Participants can use ordinary light bulbs, UV lights, or mercury vapor lights to draw moths, or brush sweet moth bait on tree barks for a bigger response. (Photo courtesy National Moth Week)

 2014 the Year of the Silk Moth


NMW 2014 is designated “the year of the silk moth,” to encourage moth-ers to look for and learn about these fascinating moths in the Saturniidae family. National Moth Week’s symbol, the Automeris io, is a colorful silk moth found in the U.S. and Canada. Silk moths are found throughout the world, but their populations recently have shown declines. Some of the largest and most visually striking moths in the world are silk moths. There are about 2,300 species of silk moths worldwide. For more information and photos of North American silk moths, visit the Saturniidae page of Butterflies and Moths of North America (BAMONA), a partner of NMW. Through partnerships with major online biological data depositories such as BAMONA, Project Noah, Encyclopedia of Life, Discover Life, and iNaturalist, National Moth Week encourages participants to record moth distribution and to provide information on other aspects of their life cycles and habitats. Show us what you found? Post it on our Facebook page. Happy mothing!

Thank you to the National Moth Week and Liti Haramaty for sharing this information with us!   

Connie Schultz, Master Gardener/Composter (’95 Cornell Extension) now volunteering in Johnston County, NC



National Moth Week 2014

Saturday, July 19th, 2014
National Moth Week 2014 logo

National Moth Week 2014


National Moth Week 2014 is “the year of the silk moth,” to encourage moth-ers to look for and learn about the fascinating members of the Saturniidae family. National Moth Week’s symbol, the Automeris io, is a colorful silk moth found in the U.S. and Canada.

Through partnerships with major online biological data depositories, National Moth Week participants can help map moth distribution and provide needed information on other life history aspects around the globe. Our partners include Project NoahEncyclopedia of Life, Discover Life, and the USDA Agricultural Research Service. Many partner websites are repositories for data and photos about moths and other organisms. For more information about National Moth Week, visit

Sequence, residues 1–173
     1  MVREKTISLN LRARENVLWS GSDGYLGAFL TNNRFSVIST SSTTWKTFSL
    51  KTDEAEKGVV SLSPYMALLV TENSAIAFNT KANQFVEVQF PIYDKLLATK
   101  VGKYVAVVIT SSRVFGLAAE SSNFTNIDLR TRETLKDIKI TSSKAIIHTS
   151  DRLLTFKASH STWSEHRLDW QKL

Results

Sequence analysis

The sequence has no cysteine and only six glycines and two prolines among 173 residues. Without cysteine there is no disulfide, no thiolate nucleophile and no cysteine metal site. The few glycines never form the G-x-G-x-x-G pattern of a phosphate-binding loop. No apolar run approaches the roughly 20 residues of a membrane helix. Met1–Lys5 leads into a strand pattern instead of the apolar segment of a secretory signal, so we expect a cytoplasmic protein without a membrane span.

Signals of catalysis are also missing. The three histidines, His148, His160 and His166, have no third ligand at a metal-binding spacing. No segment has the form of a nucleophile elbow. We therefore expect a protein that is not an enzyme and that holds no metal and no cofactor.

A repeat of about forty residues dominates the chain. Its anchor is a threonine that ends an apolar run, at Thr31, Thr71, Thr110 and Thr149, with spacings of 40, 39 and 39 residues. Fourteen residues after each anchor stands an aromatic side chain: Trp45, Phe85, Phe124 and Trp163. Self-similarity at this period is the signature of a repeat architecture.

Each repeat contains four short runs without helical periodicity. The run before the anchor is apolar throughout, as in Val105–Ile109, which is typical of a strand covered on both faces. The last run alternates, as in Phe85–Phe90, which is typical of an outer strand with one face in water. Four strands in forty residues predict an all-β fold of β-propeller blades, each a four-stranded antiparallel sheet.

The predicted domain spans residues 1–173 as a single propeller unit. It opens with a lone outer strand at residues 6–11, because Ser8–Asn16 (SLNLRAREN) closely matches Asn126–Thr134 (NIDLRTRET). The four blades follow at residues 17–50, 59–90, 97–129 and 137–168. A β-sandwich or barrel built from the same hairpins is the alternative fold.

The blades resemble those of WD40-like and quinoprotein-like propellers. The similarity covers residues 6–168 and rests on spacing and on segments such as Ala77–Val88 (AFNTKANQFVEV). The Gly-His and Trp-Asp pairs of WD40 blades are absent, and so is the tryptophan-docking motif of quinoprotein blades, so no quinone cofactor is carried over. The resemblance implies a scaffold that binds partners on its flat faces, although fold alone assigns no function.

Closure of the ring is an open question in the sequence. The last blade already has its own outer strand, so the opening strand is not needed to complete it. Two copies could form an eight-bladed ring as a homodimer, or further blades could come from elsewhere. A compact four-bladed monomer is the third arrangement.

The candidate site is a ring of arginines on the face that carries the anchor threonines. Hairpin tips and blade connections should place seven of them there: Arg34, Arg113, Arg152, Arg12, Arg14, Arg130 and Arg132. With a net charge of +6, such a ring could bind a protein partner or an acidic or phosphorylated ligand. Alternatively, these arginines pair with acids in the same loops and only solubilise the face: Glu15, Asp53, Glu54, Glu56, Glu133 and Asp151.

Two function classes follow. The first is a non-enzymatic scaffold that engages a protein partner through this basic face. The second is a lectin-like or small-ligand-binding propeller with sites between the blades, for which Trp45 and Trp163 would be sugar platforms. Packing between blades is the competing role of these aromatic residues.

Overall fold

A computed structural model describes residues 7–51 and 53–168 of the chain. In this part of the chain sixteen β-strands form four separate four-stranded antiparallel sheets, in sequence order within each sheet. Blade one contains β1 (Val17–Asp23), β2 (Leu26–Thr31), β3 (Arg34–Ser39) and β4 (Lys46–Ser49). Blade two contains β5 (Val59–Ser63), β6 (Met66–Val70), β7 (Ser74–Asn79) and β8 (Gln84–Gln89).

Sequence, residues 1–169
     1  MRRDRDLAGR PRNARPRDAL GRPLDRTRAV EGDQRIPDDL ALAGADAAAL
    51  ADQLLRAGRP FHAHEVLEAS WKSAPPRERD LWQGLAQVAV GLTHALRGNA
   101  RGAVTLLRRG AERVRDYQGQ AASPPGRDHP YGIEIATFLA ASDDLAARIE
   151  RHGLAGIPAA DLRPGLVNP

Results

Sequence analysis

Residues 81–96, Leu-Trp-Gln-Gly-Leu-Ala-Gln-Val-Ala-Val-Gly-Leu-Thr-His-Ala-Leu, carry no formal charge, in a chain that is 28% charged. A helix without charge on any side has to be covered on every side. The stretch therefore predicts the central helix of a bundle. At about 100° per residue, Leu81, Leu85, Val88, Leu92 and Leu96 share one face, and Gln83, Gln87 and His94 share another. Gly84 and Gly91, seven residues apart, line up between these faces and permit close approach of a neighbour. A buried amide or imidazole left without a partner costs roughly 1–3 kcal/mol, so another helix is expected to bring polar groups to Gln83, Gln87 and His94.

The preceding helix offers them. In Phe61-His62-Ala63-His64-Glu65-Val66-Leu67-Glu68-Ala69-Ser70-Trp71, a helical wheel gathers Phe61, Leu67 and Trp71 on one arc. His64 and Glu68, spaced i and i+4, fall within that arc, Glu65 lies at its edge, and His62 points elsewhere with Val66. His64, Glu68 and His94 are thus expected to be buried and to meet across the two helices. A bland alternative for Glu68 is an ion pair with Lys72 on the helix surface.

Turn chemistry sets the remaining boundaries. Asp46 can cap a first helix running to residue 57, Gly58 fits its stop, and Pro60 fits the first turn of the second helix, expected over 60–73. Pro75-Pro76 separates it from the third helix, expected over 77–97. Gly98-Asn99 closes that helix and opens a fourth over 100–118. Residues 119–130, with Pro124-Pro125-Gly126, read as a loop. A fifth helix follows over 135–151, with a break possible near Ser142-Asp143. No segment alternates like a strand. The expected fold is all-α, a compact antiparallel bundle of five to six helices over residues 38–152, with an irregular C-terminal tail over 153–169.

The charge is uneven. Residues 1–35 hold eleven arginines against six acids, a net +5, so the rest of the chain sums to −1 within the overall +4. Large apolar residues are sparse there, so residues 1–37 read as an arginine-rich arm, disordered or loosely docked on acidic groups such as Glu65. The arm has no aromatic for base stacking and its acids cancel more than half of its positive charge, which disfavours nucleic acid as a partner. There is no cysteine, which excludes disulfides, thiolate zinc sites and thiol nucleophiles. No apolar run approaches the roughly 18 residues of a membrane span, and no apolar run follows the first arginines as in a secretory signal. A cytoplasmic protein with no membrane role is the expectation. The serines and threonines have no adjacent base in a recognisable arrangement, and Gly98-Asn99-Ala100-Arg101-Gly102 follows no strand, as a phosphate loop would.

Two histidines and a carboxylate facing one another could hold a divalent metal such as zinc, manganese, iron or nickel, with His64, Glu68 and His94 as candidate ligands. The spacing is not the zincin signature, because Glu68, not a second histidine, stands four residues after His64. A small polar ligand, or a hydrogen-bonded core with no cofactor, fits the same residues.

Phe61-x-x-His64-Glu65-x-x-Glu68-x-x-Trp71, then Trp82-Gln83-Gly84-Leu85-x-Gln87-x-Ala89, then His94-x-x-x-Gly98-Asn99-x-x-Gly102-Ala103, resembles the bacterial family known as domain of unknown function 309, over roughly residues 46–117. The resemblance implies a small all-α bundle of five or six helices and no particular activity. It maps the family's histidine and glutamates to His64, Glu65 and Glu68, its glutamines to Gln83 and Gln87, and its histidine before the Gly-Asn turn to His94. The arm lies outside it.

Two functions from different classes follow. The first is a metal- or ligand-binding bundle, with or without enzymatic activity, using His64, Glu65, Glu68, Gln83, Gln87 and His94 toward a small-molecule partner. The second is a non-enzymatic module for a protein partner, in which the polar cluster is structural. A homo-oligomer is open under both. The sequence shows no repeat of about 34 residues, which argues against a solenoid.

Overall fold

Start your moth week off with these informative videos.




submitted by Connie Schultz, Master Gardener/Composter (’95 Cornell Extension) now volunteering in Johnston County, NC


Almost Wordless Wednesday – National Moth Week 7/19-27

Wednesday, July 16th, 2014

National Moth Week is coming up this week and 2014 is the Year of the Silk Moth. You can go to the National Moth Week site to sign up to participate in some citizen science or to publicize a mothing event. 

Why Moths?

  • Moths are among the most diverse and successful organisms on earth.
  • Scientists estimate there are 150,000 to more than 500,000 moth species.
  • Their colors and patterns are either dazzling or so cryptic that they define camouflage. Shapes and sizes span the gamut from as small as a pinhead to as large as an adult’s hand.
  • Most moths are nocturnal, and need to be sought at night to be seen – others fly like butterflies during the day.


 Celebrate Moth Week!

Mothing Sheet (photo courtesy National Moth Week)

What can take the place of a child’s excitement at being out after dark with a flashlight? (photo courtesy National Moth Week)

This is”mothing” - an activity designed to help find and identify moths.

Submitted by Connie Schultz, Master Gardener/Composter (’95 Cornell Extension) now volunteering in Johnston County, NC




Turn Your Zucchini or Summer Squash Into “Pasta”

Wednesday, July 9th, 2014
Zucchini Spaghetti 2

Julienne slicer



Standard vegetable peeler



Large holed grater or microplane



Wide vegetable peeler



Serve uncooked as a salad….



… lightly sauteed and seasoned…



…or topped with your favorite pasta sauce.



Use your imagination!


Posted by Sylvia Hacker, Dona Ana Co. New Mexico EMG

Thomas Jefferson, plant collector extraordinaire

Monday, July 7th, 2014
The view from the Monticello Garden © Britt Conley

The view from the Monticello Garden © Britt Conley

Never did a prisoner, released from his chains, feel such relief as I shall on shaking off the shackles of power” -Thomas Jefferson (1743-1826) Like his predecessor George Washington, Jefferson had longed to care for his farm and garden. “My views and attentions are all turned homeward“, he wrote a fellow gardener. Finally on March 15th 1809, after serving 12 years as president and vice-president, Thomas Jefferson returned to his beloved Monticello.